Therefore, I know that Charlene and David descend through one of my parents, and Cheryl through the other – even if I didn’t know anything else at this point.
To reiterate, triangulation at MyHeritage means triangulation with everyone showing at the same time on the chromosome browser.
Other Resources to Identify Common Ancestors
For additional information, I can check the match information with each person to see if our trees, surnames or locations intersect.
SmartMatches and Theories of Family Relativity each provide clues and help to explain why we might triangulate.
SmartMatches tell you that you and another person share an ancestor in your and their tree, BUT, that common person may not be a direct ancestor of one or both of you. You also may or may not be DNA matches, and if so, your DNA match may or may not be through that ancestor.
Theories of Family Relativity (TOFR,) on the other hand, tell you that not only do you have a DNA match with this person, but that you have a common ancestor, and who that ancestor is. Sometimes the connection is made for you, even if one or both of you don’t show that ancestor in your tree simply because you have not extended your tree back far enough in time.
I wrote about how to use Theories of Family Relativity here.
You can request to download your matches list and also your shared DNA segments at MyHeritage by clicking on the three dots to the right at the top of your match list, then click on the option you wish. The resulting files will be e-mailed to you a few minutes later. If they don’t arrive, be sure to check your spam filter.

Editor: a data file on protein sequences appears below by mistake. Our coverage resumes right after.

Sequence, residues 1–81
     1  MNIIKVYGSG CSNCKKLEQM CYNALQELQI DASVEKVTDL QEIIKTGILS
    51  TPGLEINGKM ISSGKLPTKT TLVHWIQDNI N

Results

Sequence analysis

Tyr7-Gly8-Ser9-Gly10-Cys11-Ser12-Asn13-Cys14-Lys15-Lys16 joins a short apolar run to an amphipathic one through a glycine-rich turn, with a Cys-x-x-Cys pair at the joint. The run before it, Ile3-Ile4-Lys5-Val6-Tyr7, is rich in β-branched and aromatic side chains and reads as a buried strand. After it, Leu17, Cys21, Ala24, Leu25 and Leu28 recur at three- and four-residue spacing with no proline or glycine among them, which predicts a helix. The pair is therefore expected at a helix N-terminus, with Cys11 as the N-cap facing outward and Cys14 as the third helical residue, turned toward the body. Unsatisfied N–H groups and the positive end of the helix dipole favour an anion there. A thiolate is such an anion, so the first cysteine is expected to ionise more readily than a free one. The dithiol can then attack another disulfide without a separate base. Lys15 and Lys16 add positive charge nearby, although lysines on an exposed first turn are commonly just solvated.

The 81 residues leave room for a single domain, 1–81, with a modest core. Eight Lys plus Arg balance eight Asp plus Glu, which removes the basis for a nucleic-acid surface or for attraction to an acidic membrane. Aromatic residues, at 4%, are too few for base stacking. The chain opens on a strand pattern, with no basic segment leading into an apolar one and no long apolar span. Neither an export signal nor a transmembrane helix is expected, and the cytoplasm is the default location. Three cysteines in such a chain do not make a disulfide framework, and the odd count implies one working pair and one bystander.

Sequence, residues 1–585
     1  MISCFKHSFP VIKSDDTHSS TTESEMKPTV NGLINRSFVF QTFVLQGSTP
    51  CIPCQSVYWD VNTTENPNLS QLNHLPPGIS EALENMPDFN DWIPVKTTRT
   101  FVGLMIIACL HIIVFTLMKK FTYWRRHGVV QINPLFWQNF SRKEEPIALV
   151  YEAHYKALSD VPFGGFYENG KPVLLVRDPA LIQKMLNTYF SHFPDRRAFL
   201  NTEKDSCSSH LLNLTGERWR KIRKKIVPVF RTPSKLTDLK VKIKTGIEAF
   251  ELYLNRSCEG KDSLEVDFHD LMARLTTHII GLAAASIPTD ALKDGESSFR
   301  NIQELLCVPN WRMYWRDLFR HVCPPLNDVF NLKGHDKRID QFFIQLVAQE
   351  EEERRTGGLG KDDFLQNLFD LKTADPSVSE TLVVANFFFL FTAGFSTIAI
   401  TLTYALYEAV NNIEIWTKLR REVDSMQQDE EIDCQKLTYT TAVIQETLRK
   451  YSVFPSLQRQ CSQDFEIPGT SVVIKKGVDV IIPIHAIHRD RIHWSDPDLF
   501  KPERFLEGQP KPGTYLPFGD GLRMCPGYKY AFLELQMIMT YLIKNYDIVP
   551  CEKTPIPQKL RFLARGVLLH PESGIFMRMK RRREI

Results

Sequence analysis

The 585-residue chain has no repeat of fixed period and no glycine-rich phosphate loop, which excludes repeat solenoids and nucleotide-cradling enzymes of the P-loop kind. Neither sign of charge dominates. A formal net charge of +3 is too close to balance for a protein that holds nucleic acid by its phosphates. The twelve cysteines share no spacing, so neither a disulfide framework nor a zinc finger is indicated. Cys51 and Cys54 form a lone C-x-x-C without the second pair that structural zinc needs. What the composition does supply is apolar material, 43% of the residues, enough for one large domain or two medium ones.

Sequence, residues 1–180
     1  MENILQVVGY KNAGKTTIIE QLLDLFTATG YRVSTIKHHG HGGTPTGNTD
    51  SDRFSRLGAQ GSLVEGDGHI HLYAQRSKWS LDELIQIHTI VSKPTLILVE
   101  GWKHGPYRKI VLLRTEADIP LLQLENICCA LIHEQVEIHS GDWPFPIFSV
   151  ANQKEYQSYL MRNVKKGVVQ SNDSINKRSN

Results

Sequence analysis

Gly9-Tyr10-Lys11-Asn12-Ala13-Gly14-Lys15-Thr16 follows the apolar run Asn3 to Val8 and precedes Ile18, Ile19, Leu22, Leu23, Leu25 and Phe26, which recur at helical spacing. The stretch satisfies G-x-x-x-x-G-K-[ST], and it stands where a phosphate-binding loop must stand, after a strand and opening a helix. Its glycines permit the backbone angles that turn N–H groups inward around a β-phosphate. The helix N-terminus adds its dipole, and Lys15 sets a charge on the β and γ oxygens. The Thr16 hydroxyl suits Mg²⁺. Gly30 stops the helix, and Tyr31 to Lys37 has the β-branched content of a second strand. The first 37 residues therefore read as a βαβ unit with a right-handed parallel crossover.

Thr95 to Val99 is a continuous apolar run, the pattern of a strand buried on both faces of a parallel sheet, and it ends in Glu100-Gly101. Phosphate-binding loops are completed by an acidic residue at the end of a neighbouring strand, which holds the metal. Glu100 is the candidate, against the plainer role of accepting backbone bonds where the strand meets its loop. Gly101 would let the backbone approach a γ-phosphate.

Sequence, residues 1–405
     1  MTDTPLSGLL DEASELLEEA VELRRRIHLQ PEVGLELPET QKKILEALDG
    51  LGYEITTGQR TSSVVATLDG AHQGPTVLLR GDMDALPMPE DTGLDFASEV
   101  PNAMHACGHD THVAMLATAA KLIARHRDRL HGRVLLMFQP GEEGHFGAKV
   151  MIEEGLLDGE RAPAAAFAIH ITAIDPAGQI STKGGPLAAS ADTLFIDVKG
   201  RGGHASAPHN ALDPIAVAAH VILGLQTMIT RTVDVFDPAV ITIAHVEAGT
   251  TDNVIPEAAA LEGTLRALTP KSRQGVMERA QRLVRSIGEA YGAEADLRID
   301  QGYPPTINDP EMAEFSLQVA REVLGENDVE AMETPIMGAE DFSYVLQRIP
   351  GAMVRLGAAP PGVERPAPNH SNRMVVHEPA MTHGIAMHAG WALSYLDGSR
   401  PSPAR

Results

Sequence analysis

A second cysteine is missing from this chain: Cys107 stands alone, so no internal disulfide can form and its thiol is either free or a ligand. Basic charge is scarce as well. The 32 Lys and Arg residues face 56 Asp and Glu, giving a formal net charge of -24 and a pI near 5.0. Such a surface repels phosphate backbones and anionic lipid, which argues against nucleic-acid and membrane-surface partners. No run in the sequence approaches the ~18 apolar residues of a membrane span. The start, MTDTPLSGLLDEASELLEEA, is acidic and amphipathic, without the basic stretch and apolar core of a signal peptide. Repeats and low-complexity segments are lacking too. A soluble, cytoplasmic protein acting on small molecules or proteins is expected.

Downloading your match list and/or shared DNA segments is NOT the same thing as downloading your raw data file to upload elsewhere. You’ll find those instructions in the Transfer section later in this article.
What About You?
Do you have a tree at MyHeritage?
If not, click on Family Tree to create or upload one including not only direct line ancestors, but their children and grandchildren which facilitates and encourages the formation of Theories of Family Relativity.
Connecting Your DNA to Your Tree
Assigning your kit and those of family members to the proper profile card in your tree is very important, especially for the formation of Theories of Family Relativity
If a DNA kit is not associated with an individual that is connected to ancestors, this reduces the probability that MyHeritage will be able to find a theory.